Beyond the Code of the Streets - NYTimes.com: ...For black men like us, the feeling of having something to lose, beyond honor and face, is foreign. We grew up in communities — New York, Baltimore, Chicago — where the Code of the Streets was the first code we learned. Respect and reputation are everything there. These values are often denigrated by people who have never been punched in the face. But when you live around violence there is no opting out. A reputation for meeting violence with violence is a shield. That protection increases when you are part of a crew with that same mind-set. This is obviously not a public health solution, but within its context, the Code is logical.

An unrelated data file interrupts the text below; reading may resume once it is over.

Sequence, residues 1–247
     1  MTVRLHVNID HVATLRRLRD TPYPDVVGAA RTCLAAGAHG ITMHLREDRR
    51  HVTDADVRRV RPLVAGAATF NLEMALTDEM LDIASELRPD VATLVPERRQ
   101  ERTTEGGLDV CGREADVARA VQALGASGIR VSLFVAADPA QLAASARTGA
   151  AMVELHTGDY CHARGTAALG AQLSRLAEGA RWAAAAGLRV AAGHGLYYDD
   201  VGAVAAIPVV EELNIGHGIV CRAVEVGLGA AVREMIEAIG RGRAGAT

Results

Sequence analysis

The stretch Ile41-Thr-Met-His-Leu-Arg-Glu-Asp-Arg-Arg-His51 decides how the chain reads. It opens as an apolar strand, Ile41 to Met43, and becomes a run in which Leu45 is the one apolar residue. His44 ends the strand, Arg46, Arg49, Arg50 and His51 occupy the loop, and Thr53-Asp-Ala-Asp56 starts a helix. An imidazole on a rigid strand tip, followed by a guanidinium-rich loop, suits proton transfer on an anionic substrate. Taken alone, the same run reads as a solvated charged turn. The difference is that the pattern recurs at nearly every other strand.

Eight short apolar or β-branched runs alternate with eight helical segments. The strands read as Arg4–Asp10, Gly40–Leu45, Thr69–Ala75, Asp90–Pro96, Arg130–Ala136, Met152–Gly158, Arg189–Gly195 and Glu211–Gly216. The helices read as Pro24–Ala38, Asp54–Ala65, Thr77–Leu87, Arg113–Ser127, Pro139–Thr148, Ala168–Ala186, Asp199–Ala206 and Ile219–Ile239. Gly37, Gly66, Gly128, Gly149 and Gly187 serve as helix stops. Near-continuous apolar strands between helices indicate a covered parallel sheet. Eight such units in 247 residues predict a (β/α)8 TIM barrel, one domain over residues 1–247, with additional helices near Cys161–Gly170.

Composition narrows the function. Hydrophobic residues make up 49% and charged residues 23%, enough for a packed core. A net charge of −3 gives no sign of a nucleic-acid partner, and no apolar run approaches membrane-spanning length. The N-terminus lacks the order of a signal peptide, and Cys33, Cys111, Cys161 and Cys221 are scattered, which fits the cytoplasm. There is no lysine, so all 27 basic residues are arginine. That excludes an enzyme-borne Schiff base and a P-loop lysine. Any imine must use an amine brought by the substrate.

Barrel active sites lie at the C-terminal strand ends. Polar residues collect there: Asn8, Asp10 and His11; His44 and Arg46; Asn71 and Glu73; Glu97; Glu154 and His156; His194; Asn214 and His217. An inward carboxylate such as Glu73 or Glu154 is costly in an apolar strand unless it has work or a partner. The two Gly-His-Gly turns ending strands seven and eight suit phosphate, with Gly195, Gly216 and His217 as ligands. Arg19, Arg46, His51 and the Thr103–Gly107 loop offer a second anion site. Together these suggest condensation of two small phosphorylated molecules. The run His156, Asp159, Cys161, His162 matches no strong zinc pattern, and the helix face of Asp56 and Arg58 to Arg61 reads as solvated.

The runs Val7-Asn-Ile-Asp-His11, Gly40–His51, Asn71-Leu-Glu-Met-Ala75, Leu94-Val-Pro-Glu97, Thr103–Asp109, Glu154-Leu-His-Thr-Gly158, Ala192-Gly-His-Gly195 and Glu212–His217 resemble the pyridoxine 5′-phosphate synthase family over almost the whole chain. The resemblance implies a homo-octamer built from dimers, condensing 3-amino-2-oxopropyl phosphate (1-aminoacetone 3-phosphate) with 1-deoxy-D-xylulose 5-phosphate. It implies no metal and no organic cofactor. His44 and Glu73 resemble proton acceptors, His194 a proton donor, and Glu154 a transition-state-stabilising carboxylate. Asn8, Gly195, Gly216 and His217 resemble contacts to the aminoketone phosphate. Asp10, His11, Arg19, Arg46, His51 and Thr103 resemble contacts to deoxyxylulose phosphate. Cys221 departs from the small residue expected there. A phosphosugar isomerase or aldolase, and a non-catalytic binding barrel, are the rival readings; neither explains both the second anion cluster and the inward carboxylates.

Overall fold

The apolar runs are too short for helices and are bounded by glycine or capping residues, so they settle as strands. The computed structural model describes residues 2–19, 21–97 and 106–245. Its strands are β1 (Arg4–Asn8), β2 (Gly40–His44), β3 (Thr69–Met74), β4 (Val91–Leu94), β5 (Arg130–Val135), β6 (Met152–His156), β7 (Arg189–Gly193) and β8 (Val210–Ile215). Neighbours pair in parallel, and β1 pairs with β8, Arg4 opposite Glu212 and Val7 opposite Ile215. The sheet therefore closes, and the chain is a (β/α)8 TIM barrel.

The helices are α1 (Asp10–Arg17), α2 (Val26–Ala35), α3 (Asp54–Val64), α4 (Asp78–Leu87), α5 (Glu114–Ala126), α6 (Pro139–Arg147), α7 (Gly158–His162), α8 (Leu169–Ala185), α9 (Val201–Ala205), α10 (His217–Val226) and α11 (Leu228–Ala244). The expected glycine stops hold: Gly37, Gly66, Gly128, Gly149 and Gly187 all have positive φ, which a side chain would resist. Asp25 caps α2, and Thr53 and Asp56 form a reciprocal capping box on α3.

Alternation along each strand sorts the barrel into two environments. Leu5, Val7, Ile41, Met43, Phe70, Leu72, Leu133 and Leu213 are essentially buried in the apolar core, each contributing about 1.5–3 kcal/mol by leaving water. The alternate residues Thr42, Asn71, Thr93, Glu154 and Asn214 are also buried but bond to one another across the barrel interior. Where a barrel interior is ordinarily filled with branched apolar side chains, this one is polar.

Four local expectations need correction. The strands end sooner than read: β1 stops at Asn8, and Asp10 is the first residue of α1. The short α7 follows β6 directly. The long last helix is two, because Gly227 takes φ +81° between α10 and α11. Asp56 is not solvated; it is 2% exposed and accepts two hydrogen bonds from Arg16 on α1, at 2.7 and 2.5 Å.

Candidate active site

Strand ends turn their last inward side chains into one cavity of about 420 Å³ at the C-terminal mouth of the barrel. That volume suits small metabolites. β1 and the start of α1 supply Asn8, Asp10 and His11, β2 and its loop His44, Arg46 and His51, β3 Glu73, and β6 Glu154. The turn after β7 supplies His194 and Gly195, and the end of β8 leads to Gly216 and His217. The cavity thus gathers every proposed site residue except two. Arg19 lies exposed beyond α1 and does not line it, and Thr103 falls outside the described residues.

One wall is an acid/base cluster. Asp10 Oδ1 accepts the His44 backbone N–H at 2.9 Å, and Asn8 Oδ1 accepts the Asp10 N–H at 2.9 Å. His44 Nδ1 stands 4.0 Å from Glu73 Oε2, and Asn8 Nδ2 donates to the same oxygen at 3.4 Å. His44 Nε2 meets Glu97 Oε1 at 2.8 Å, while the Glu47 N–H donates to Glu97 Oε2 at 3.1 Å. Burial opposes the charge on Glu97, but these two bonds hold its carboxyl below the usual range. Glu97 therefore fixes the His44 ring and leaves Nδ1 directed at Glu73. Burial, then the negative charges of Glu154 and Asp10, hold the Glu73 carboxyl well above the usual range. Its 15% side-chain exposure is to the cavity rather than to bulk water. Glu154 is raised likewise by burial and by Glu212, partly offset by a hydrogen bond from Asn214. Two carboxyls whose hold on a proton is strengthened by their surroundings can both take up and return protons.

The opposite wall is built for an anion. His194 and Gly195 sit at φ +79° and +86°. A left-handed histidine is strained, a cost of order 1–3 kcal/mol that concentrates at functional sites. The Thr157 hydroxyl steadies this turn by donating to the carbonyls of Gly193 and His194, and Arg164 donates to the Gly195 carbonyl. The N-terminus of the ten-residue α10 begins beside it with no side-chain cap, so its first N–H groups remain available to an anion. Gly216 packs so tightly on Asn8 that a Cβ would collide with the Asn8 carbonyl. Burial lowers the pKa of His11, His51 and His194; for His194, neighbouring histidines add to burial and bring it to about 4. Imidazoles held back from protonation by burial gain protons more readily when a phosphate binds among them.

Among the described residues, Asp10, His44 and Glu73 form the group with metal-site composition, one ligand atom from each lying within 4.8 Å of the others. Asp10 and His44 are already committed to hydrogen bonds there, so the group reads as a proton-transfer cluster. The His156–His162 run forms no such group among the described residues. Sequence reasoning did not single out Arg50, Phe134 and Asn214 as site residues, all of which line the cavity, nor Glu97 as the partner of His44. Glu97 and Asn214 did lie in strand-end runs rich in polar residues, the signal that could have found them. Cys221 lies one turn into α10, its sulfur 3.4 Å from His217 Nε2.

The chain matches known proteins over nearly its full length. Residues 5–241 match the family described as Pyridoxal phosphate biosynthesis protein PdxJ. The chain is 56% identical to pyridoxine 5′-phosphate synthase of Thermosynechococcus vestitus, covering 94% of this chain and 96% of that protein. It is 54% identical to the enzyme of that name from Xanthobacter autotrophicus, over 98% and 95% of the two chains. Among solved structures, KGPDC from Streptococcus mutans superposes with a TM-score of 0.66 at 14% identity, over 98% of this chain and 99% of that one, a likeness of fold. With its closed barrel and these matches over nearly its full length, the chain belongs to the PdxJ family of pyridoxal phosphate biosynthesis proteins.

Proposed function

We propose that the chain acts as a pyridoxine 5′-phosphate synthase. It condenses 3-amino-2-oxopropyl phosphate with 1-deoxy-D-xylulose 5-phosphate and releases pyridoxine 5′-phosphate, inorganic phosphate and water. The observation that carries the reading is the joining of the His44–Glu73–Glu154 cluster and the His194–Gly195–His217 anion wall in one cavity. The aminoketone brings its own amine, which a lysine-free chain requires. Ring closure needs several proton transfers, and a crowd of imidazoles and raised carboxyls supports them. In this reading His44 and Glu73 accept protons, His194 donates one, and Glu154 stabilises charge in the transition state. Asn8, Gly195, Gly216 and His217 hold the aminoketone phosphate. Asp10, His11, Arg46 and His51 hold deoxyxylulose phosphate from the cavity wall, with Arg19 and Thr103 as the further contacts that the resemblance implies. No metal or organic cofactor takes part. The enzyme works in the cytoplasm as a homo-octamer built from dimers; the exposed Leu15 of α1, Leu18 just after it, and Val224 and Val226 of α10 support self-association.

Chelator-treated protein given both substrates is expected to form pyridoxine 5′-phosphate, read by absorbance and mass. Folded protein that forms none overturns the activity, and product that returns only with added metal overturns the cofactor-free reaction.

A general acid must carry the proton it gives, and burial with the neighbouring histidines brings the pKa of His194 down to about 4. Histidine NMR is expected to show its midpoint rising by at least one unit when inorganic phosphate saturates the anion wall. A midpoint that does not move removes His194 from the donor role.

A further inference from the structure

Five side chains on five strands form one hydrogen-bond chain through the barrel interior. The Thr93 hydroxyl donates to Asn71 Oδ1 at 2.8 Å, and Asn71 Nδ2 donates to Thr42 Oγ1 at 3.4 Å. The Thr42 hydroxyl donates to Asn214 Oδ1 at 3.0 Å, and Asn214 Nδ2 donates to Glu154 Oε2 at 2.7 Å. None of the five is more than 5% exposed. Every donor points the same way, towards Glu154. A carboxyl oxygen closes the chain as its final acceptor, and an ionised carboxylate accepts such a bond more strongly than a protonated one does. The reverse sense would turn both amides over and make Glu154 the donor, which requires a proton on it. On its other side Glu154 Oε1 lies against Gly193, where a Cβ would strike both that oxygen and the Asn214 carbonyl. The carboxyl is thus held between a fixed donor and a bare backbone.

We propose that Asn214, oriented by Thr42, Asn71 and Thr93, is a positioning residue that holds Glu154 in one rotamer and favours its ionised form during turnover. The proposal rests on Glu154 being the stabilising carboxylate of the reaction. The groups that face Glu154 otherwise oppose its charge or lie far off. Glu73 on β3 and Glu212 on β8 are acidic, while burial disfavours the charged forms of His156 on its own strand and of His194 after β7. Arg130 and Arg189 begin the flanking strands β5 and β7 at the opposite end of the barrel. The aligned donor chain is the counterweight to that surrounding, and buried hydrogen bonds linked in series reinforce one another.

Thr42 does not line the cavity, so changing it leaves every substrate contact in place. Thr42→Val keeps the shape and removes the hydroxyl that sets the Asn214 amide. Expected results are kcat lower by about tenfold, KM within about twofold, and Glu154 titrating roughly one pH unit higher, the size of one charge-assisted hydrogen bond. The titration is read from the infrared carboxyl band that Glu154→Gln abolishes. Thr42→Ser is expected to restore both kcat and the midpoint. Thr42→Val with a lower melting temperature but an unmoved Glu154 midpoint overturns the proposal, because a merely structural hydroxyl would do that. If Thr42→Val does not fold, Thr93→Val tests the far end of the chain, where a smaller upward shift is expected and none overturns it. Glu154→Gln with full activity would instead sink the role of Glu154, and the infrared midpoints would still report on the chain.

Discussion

Outside of its context, the Code is ridiculous. Some years ago, I attended a reading by a black male author. There was a large crowd who’d come to hear him. A rowdy group in the back refused to give him their attention. He asked for it, quite nicely, a few times, but they paid him no heed. I could see the anger rising in his face, as the old laws worked on him. He was being disrespected. Again. Finally the author said loudly and menacingly, “Don’t let the suit fool you.” But it was the streets that had fooled him. Most tough guys don’t live long enough for memoirs.